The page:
Browsing Division of RNA biology of bacterial infections ([HIRI] RABI) by Subjects
Now showing items 1-3 of 3
Distinct timescales of RNA regulators enable the construction of a genetic pulse generator.To build complex genetic networks with predictable behaviours, synthetic biologists use libraries of modular parts that can be characterized in isolation and assembled together to create programmable higher-order functions. Characterization experiments and computational models for gene regulatory parts operating in isolation are routinely employed to predict the dynamics of interconnected parts and guide the construction of new synthetic devices. Here, we individually characterize two modes of RNA-based transcriptional regulation, using small transcription activating RNAs (STARs) and CRISPR interference (CRISPRi), and show how their distinct regulatory timescales can be used to engineer a composed feedforward loop that creates a pulse of gene expression. We use a cell-free transcription-translation system (TXTL) to rapidly characterize the system, and we apply Bayesian inference to extract kinetic parameters for an ODE-based mechanistic model. We then demonstrate in simulation and verify with TXTL experiments that the simultaneous regulation of a single gene target with STARs and CRISPRi leads to a pulse of gene expression. Our results suggest the modularity of the two regulators in an integrated genetic circuit, and we anticipate that construction and modelling frameworks that can leverage this modularity will become increasingly important as synthetic circuits increase in complexity. This article is protected by copyright. All rights reserved.
Plugging Small RNAs into the Network.Small RNAs (sRNAs) have been discovered in every bacterium examined and have been shown to play important roles in the regulation of a diverse range of behaviors, from metabolism to infection. However, despite a wide range of available techniques for discovering and validating sRNA regulatory interactions, only a minority of these molecules have been well characterized. In part, this is due to the nature of posttranscriptional regulation: the activity of an sRNA depends on the state of the transcriptome as a whole, so characterization is best carried out under the conditions in which it is naturally active. In this issue of mSystems, Arrieta-Ortiz and colleagues (M. L. Arrieta-Ortiz, C. Hafemeister, B. Shuster, N. S. Baliga, et al., mSystems 5:e00057-20, 2020, https://doi.org/10.1128/mSystems.00057-20) present a network inference approach based on estimating sRNA activity across transcriptomic compendia. This shows promise not only for identifying new sRNA regulatory interactions but also for pinpointing the conditions in which these interactions occur, providing a new avenue toward functional characterization of sRNAs.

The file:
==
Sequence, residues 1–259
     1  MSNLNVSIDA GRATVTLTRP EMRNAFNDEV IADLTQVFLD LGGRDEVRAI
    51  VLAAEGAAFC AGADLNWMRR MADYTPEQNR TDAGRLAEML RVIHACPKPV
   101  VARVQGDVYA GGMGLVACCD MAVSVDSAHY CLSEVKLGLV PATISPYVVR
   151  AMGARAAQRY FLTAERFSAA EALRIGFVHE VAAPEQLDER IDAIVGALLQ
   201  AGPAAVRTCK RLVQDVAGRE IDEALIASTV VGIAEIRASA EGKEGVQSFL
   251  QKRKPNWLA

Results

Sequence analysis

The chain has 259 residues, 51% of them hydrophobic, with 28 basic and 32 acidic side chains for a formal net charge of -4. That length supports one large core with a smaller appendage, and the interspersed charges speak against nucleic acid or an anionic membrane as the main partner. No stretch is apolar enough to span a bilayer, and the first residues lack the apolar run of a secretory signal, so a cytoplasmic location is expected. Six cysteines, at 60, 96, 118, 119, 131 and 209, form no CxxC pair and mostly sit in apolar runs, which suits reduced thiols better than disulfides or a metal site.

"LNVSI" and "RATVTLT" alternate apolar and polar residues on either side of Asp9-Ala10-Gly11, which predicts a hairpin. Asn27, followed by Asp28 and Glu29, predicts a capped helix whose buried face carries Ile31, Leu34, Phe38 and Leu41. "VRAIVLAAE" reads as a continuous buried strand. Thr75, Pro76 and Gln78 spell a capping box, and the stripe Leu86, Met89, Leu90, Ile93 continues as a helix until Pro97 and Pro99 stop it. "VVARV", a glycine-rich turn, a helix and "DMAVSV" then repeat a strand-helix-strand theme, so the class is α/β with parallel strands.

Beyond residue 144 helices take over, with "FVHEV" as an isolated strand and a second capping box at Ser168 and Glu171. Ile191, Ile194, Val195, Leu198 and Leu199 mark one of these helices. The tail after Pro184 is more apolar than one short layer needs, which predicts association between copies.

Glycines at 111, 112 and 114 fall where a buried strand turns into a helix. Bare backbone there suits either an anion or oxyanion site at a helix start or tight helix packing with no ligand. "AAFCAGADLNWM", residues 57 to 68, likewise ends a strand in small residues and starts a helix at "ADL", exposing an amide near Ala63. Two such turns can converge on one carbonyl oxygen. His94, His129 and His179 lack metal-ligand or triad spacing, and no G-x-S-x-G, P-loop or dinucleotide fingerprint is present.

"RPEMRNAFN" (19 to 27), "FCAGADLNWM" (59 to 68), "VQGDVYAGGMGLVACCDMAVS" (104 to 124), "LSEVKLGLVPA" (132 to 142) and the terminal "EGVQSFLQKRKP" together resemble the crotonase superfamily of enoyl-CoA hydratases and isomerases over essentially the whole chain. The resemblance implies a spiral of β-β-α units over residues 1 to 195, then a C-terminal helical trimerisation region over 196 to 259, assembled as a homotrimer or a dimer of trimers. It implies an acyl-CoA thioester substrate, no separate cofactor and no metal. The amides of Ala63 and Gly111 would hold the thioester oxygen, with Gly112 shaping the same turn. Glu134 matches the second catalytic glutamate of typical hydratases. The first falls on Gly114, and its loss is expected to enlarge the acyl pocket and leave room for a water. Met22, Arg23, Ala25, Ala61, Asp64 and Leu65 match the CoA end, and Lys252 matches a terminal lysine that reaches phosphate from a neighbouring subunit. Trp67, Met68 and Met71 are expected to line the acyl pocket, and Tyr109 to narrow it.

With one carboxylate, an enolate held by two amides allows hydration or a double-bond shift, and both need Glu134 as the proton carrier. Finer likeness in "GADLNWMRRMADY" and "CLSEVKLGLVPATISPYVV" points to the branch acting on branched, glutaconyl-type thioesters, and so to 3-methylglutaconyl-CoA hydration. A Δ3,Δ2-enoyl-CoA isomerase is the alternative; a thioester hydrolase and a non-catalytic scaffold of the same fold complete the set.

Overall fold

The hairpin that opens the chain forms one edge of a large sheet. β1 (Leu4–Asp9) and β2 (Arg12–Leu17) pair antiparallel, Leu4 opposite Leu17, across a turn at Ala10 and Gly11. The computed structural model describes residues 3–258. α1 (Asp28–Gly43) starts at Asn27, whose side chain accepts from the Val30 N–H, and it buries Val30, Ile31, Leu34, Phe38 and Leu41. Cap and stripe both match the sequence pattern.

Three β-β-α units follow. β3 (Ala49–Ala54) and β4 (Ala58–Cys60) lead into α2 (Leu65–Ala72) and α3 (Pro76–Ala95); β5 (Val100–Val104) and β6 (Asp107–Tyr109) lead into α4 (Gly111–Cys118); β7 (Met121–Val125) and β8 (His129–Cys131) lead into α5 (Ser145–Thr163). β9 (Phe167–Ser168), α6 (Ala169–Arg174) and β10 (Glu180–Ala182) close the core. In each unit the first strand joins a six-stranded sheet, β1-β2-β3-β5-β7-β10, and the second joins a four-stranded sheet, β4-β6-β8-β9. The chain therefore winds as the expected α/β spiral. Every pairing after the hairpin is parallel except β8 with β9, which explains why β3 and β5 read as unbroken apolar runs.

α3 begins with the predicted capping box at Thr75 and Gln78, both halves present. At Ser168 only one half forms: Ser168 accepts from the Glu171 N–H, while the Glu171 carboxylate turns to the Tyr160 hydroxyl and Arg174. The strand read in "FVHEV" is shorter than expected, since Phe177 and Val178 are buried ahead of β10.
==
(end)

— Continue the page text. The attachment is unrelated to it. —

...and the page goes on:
The World of Stable Ribonucleoproteins and Its Mapping With Grad-Seq and Related Approaches.Macromolecular complexes of proteins and RNAs are essential building blocks of cells. These stable supramolecular particles can be viewed as minimal biochemical units whose structural organization, i.e., the way the RNA and the protein interact with each other, is directly linked to their biological function. Whether those are dynamic regulatory ribonucleoproteins (RNPs) or integrated molecular machines involved in gene expression, the comprehensive knowledge of these units is critical to our understanding of key molecular mechanisms and cell physiology phenomena. Such is the goal of diverse complexomic approaches and in particular of the recently developed gradient profiling by sequencing (Grad-seq). By separating cellular protein and RNA complexes on a density gradient and quantifying their distributions genome-wide by mass spectrometry and deep sequencing, Grad-seq charts global landscapes of native macromolecular assemblies. In this review, we propose a function-based ontology of stable RNPs and discuss how Grad-seq and related approaches transformed our perspective of bacterial and eukaryotic ribonucleoproteins by guiding the discovery of new RNA-binding proteins and unusual classes of noncoding RNAs. We highlight some methodological aspects and developments that permit to further boost the power of this technique and to look for exciting new biology in understudied and challenging biological models.